Emily was the first one to hold Tyrus when he was born, she says. Tiffany was overdue and ultimately had to have a cesarean section. “He was here, she was on the prep table, so they handed him to me,” she says. “I put him over, and she gave him a kiss on the forehead, and she told him she loved him. She was all crying and stuff.”

A scrapbook full of photographs shows Tyrus’ young life with a smiling mother. There are photos of happy times for Tyrus, playing with Emily’s children at family outings and on special occasions. When Emily first realized the baby found in the park was Tyrus, she felt a lot of anger—even hatred.

“I just felt so mad because the one time that she could have called me she didn’t,” she says. “I felt so much hate because I think, Why didn’t she call me, you know? I do still always have that: What if she had called me? I don’t think that’ll ever go away.”

But remembering the love her sister had for her son and believing that “something was wrong” with Tiffany, she’s learned to forgive.

“Tyrus was born, and she was just always happy,” she says. Tiffany wanted to know: How do I discipline him? How do I take care of him? “She was just always happy to be around him. She was never angry to be a single mom,” she says. “He was so spoiled.”

Emily didn’t talk to her sister for more than a year after the arrest. When she finally went to visit her in jail, she was scared at first.

“As soon as I saw her and talked to her, I knew. This is my sister that I’ve known forever,” she says. “I know she wouldn’t do this on purpose.”

The just punishment is prison, Emily says—for a period of time but not for life. Her family is a victim in this case and deserves a chance to heal, she adds, but that can’t happen if Tiffany is locked up the rest of her life.

Counseling is important for her, for her sister and for their younger sister, Kelly, she says. If the family can’t ever talk about it together beyond short prison visits with Tiffany, she says they’ll never recover.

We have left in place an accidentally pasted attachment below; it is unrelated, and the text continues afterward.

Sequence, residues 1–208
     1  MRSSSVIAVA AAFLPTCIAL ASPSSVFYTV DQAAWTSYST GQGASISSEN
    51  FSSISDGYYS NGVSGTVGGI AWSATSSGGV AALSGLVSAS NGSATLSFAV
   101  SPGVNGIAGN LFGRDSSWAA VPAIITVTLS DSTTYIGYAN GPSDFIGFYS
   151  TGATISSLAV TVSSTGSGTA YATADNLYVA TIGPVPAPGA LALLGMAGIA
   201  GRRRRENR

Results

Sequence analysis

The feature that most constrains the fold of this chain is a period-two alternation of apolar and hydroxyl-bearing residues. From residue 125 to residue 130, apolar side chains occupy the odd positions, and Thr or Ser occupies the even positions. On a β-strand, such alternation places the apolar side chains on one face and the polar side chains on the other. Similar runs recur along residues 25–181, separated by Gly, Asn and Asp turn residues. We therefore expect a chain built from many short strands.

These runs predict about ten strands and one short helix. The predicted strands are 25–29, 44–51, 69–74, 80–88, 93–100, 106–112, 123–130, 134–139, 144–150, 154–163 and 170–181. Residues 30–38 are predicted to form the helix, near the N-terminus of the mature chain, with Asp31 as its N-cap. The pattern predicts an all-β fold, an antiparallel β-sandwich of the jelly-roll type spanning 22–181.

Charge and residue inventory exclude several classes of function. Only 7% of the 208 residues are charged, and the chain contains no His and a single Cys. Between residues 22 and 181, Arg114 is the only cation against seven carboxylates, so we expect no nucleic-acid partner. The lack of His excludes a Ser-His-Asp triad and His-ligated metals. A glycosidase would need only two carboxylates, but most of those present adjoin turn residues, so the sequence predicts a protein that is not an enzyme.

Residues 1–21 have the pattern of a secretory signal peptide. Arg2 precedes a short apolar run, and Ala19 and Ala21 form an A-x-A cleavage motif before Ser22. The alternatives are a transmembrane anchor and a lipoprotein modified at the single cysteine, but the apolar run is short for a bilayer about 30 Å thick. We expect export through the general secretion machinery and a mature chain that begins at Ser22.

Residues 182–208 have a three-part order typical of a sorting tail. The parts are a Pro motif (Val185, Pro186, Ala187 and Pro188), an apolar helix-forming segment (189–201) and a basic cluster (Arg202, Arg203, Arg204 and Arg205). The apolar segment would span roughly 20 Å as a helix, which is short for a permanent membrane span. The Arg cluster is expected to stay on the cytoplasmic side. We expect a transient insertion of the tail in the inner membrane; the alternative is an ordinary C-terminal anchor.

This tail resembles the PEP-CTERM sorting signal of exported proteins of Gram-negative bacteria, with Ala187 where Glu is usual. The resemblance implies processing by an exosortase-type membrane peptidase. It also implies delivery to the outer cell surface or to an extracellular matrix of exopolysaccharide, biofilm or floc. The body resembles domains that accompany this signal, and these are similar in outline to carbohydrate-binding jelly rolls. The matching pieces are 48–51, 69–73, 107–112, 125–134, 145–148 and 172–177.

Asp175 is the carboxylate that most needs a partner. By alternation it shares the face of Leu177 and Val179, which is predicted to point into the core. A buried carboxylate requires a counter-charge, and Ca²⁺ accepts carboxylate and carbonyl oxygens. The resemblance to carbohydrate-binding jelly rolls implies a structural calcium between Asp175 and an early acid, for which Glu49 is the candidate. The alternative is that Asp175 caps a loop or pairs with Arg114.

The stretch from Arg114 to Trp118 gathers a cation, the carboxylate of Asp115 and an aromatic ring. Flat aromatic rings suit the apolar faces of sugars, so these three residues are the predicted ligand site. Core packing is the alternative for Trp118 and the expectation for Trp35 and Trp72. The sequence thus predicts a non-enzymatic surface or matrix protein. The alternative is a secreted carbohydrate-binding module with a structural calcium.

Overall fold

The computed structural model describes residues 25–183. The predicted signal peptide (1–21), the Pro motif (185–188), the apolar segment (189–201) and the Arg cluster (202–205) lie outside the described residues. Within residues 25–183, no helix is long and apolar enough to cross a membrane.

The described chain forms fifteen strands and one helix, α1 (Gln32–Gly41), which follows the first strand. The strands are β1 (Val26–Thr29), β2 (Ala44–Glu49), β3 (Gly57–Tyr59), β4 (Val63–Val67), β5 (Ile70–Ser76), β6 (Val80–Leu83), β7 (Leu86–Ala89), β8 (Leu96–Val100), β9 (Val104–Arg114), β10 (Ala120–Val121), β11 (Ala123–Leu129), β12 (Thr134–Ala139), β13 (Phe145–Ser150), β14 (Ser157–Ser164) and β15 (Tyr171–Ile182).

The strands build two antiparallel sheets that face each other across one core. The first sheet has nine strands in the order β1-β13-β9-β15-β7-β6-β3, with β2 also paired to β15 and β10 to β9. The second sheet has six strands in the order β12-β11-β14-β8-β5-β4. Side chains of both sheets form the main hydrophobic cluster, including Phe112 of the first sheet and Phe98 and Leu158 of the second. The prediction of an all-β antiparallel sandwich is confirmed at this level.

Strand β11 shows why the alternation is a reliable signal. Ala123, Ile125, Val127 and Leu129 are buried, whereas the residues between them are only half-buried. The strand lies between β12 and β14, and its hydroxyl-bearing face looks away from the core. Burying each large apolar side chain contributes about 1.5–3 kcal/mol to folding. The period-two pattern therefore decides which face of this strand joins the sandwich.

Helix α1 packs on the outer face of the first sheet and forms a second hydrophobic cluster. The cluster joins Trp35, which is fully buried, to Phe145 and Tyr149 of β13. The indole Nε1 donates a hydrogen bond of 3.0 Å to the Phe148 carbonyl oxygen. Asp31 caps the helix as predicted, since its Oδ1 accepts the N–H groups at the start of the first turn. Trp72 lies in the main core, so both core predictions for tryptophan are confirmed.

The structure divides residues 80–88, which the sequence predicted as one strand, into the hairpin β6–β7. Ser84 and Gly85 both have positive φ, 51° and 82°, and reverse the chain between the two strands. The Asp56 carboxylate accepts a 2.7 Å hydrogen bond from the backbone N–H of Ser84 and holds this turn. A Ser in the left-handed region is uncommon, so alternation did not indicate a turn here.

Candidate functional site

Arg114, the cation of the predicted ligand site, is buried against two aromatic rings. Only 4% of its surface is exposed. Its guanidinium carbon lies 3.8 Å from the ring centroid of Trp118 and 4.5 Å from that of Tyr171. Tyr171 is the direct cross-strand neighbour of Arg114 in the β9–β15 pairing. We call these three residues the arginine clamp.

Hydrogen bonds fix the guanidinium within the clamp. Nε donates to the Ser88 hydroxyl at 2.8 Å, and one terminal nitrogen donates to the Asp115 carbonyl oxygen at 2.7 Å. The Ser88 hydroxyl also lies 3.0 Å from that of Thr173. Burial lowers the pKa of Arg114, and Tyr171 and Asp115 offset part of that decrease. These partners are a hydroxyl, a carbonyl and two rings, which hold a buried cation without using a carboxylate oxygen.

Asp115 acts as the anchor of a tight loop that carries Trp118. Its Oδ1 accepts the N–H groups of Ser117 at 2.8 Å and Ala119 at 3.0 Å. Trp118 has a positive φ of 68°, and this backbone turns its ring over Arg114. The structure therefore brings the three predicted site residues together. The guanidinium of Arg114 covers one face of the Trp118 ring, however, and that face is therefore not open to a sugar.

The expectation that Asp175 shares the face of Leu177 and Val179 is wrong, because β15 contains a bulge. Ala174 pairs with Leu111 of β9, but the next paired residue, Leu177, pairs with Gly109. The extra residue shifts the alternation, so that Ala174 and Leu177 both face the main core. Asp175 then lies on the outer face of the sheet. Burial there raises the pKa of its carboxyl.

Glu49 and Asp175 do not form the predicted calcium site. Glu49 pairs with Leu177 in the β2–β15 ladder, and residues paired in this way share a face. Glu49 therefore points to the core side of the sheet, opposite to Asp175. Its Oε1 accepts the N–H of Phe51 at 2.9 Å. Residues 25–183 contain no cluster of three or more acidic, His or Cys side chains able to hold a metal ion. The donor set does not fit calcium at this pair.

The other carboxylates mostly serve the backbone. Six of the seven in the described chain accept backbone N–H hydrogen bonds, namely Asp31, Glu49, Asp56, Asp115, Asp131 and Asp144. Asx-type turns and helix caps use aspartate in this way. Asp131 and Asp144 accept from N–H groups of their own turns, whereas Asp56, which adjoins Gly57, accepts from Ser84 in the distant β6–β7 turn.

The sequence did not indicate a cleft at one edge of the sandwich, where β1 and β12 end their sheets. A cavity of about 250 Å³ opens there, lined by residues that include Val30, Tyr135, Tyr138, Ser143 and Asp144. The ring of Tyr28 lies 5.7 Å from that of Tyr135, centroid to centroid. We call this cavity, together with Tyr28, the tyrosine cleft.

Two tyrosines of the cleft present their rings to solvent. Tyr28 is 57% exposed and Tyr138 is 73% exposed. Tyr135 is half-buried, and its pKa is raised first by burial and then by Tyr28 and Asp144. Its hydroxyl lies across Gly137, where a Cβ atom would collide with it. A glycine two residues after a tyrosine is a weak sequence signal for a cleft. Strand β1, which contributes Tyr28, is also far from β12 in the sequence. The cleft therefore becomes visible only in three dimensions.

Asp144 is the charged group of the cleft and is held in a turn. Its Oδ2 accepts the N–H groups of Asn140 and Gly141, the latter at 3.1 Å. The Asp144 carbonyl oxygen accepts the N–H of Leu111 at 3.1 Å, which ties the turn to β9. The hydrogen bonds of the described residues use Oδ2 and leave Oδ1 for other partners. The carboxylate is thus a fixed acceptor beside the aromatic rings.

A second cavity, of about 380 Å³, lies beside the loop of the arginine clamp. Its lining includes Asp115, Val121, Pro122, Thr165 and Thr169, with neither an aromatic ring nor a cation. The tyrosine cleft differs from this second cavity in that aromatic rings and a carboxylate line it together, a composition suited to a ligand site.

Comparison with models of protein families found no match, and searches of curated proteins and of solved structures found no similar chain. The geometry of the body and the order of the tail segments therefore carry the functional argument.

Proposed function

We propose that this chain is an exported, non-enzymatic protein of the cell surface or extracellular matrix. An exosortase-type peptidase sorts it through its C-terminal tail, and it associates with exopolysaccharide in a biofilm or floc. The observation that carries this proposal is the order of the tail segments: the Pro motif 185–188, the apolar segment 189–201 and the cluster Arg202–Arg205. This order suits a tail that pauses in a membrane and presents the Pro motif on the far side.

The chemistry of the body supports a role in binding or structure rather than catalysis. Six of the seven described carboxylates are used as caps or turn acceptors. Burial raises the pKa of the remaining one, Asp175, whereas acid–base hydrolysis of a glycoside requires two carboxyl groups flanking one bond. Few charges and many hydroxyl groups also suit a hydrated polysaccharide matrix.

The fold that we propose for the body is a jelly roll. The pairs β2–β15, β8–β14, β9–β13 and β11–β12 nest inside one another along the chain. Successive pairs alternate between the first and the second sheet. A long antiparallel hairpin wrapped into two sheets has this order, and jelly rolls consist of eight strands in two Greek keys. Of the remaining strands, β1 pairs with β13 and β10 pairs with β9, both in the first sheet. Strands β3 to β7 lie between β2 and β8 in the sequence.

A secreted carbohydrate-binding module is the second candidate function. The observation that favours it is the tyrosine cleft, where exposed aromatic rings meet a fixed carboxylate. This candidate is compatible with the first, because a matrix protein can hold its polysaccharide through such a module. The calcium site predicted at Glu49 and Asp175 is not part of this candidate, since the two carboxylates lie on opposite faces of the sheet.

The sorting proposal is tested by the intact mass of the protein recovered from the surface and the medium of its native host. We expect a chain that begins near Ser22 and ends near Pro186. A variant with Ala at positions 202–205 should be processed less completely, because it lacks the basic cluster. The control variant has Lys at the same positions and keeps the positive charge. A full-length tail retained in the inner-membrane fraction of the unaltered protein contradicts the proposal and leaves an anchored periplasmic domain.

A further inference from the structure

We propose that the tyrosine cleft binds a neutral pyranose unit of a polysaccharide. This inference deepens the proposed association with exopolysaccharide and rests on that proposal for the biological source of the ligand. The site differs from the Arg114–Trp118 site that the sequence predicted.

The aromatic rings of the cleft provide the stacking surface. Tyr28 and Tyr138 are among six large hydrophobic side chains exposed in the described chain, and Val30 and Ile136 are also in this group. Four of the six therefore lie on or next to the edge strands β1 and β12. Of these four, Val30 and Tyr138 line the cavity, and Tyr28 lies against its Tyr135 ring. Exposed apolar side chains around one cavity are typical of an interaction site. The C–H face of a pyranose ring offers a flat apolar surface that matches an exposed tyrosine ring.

The Law Is the Law

District Attorney Kari Brandenburg says her office has spent a lot of time working with the defense and understands the tragic nature of the case. But all cases are tragic, she says, and the law is the law. For Tiffany, the charge announced by Brandenburg’s office is “child abuse resulting in death,” which Brandenburg says the evidence supports. It carries a mandatory life sentence.

Brandenburg says for certain convictions, sentencing laws passed by political bodies—in this case, the state Legislature—dictate punishment. If Tiffany is convicted of the charge, New Mexico state law imposes a life sentence.

“This story ought to be about mandatory sentencing because it takes discretion out of the courts’ hands,” she says. If her office wins the case, Brandenburg says, the judge will not have the option for any less than life in prison.

“Judges don’t have leeway, and we don’t have leeway if we have facts that can substantiate first degree,” she says.

Her office will only consider a lesser charge or a plea deal if they are not certain they will win the case, she says. “If someone gets a deal it’s because we can’t prove something in court.”

Court proceedings show Tiffany’s attorney, Public Defender Lelia Hood, is pursuing a “not guilty by reason of insanity” defense, bolstered by a psychological evaluation that states she suffers from major depressive disorders. That evaluation is sealed and not available to the public. Hood declined to comment for this story.

Brandenburg says she doesn’t know what impact the psychological evaluation will have on the case.

Her team is moving forward to obtain its own psychological evaluation, a development that has delayed the start of Tiffany’s trial. Judge Stan Whitaker says he wants to get the case moving as quickly as possible.
Distress Signals

Emily Apodaca holds a picture of sister Tiffany Toribio and nephew Tyrus.

Sergio Salvador salvadorphoto.com

Distress Signals

Tiffany and Tyrus Toribio

Courtesy of Emily Apodaca